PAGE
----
After a long Canadian winter, nothing screams spring like longer days, warmer temperatures, melting snow and, for the staff at the Rideau Valley Wildlife Sanctuary, baby animals – lots of them!

For months the Rideau Valley Animal Sanctuary has been preparing for the influx of animals it will receive this spring and summer. From organizing this year’s volunteers and interns to building new rehabilitation rooms, the sanctuary is finally ready for all that the season may bring.

Based in North Gower, Ontario, the non-profit organization rehabilitates injured, sick and orphaned wild mammals and turtles, releasing them back into their natural habitat once they are well again. The sanctuary is the only licensed rehabilitator of its kind in the Ottawa and Rideau Valley region, taking in about 500 animals annually.

“We mostly rehabilitate small mammals,” says Linda Laurus, manager of the Rideau Valley Animal Sanctuary. “The most common are raccoons and squirrels, but we also get rabbits, turtles, chipmunks, groundhogs, skunks, fox, fawns, mice, weasels, mink and flying squirrels.”

Staff at the sanctuary ask that people call with inquiries about orphaned animals before taking any action — in many cases the animal doesn’t actually need saving at all. When it comes to baby animals, the sanctuary helps people determine over the phone if the animal has indeed been orphaned, and if so, what the next steps should be.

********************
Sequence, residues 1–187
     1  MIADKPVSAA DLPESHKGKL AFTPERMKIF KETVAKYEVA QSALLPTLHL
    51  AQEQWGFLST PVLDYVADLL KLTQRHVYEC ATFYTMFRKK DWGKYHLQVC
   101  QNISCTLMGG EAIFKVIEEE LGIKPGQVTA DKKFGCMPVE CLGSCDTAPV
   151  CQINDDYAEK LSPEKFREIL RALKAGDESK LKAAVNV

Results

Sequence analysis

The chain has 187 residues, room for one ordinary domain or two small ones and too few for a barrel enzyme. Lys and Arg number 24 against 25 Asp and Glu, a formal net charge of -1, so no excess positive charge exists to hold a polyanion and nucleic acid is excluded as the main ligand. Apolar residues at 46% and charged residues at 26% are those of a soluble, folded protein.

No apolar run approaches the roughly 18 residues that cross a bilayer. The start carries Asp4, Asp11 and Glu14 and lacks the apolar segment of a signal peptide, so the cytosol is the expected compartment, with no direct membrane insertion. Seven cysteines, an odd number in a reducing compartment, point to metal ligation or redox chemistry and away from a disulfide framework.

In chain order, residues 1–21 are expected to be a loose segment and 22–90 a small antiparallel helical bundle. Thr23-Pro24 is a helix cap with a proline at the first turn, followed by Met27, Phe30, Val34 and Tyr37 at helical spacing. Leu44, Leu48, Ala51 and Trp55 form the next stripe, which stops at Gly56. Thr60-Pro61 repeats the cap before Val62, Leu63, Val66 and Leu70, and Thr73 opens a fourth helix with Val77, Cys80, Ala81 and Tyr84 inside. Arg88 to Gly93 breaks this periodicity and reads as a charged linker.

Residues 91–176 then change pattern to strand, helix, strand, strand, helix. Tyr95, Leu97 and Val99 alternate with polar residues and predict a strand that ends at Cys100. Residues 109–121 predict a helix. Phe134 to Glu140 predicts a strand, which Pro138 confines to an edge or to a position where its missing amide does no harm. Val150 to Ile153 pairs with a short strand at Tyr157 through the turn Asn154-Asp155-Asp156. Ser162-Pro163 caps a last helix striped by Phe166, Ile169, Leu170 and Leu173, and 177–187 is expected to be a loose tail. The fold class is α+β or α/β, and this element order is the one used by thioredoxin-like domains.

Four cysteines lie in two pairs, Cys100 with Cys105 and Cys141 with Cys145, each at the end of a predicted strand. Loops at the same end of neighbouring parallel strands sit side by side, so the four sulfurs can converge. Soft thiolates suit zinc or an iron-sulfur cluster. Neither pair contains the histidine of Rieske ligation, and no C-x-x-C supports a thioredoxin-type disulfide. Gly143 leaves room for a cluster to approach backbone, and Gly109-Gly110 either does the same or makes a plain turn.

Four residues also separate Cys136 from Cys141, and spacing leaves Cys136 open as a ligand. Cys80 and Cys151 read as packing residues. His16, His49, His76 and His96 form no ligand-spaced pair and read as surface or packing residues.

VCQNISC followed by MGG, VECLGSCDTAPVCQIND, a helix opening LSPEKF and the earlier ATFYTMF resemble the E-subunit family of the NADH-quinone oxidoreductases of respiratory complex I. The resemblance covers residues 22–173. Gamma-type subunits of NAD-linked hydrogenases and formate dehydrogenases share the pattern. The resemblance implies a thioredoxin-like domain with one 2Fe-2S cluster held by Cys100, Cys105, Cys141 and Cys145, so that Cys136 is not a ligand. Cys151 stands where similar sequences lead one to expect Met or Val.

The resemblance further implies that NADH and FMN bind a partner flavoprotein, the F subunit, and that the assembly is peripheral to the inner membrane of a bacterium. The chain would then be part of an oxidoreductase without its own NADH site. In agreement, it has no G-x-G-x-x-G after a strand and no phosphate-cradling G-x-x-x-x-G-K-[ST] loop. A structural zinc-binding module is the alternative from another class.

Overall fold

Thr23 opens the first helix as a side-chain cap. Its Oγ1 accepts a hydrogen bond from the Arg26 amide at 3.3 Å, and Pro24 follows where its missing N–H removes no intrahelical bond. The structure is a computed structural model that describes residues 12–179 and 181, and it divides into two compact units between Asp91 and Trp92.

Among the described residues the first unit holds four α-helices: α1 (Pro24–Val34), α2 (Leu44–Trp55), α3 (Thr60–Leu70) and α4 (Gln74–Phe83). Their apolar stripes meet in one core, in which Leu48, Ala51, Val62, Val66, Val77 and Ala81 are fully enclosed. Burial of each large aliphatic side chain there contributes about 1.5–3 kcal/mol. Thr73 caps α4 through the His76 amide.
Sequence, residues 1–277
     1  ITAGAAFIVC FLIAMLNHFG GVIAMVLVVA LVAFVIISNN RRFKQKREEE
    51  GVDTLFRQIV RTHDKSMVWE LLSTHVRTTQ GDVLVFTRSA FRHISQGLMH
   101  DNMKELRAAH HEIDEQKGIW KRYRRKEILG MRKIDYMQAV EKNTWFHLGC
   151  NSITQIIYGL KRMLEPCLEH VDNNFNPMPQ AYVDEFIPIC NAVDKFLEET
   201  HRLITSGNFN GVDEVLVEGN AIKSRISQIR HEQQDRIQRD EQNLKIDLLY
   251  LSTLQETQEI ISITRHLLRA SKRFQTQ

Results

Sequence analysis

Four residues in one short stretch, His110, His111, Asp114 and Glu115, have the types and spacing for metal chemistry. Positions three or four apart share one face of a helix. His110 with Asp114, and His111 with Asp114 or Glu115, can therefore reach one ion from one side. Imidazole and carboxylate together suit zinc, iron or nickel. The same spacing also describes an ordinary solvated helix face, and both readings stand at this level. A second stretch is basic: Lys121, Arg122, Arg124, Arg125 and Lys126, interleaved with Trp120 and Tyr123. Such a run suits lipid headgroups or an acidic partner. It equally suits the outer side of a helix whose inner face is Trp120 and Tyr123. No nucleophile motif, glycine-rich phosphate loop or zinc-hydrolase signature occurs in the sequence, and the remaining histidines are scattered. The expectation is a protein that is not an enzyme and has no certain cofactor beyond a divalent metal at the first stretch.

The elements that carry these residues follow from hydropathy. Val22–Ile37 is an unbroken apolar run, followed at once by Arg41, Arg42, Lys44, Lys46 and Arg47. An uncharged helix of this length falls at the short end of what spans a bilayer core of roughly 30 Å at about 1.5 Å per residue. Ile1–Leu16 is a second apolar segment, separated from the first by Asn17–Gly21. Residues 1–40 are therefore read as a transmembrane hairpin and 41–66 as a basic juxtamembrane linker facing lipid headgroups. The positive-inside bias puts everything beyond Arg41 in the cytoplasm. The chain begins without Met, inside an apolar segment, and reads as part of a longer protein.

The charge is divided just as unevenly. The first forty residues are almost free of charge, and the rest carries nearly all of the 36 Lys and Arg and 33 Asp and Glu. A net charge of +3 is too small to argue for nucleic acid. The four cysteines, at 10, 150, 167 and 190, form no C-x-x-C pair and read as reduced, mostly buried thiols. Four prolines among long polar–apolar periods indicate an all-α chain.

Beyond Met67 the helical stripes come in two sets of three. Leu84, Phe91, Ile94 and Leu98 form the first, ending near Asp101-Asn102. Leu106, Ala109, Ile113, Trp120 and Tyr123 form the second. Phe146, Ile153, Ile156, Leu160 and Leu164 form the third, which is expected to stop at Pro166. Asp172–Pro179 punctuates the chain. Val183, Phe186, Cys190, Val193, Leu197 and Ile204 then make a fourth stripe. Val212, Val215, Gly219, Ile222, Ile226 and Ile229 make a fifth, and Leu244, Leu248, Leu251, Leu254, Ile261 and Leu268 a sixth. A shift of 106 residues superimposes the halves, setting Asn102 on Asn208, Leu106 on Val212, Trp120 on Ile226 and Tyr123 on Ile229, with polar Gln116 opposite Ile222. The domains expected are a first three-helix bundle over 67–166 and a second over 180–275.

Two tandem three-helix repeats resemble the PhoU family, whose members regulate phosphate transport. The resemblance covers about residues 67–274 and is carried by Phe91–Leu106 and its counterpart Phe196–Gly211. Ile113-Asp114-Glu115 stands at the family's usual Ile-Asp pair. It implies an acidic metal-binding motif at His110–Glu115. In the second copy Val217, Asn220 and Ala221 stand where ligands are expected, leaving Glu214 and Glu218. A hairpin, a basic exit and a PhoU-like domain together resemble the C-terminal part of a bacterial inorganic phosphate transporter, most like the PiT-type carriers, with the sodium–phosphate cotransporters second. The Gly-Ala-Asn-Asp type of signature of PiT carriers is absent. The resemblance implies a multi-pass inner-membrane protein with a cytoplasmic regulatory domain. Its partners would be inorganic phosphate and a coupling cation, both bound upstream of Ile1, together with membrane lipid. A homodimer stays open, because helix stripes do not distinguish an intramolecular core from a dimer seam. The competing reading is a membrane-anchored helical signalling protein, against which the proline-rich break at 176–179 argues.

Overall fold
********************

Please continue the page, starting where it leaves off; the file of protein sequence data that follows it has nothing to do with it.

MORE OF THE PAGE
In the best case scenario, baby animals should be reunited with their mother; she knows how to care for them best. For squirrels and other animals, a “unification box” can be created which will help keep the animal safe and will promote a reunion between the animal and its mother.

The number of animals the Rideau Valley Wildlife Sanctuary takes in every year depends on the donations it receives. This year, the sanctuary is still $7,000 short of the $100,000 it needs to fund the season.

“The sanctuary is run 100 per cent on donations,” says Heather Badenoch, a board member with the Rideau Valley Wildlife Sanctuary. “We are not government funded, so we rely solely on donations from people who love animals. Every bit is a huge help.”

Signs an animal needs your help

Squirrels A squirrel might need your help if it is cold to the touch, if there are bugs on it, if it is bruised, if it is dehydrated (look for wrinkled skin) or if it is listless or comatose.

Rabbits People often find burrows of baby rabbits and believe that they have been abandoned when they have not — mother rabbits only visit the burrow twice a day, around dusk and dawn. If you suspect a burrow of young rabbits has been abandoned, simply arrange some small twigs over the burrow in a pattern that you will recognize and come back the next day. If the twigs have been disturbed, it likely means that mom has returned to care for her young.

Chipmunk, groundhog or skunk If you find a baby chipmunk, groundhog or skunk, it will almost definitely need rescuing. These animals are kept in an underground burrow where mom keeps close tabs on them. They are not allowed out of the burrow until they are old enough, so finding one alone almost surely means it needs rescuing.

For more wildlife tips or to make a donation, visit or call 613-258-9480. Donations can also be made by sending a cheque to P.O. Box 266, North Gower, Ontario, K0A 2T0.

For wildlife updates and more pictures from the sanctuary visit the Rideau Valley Sanctuary’s Facebook page or connect via Twitter (@rideauwildlife)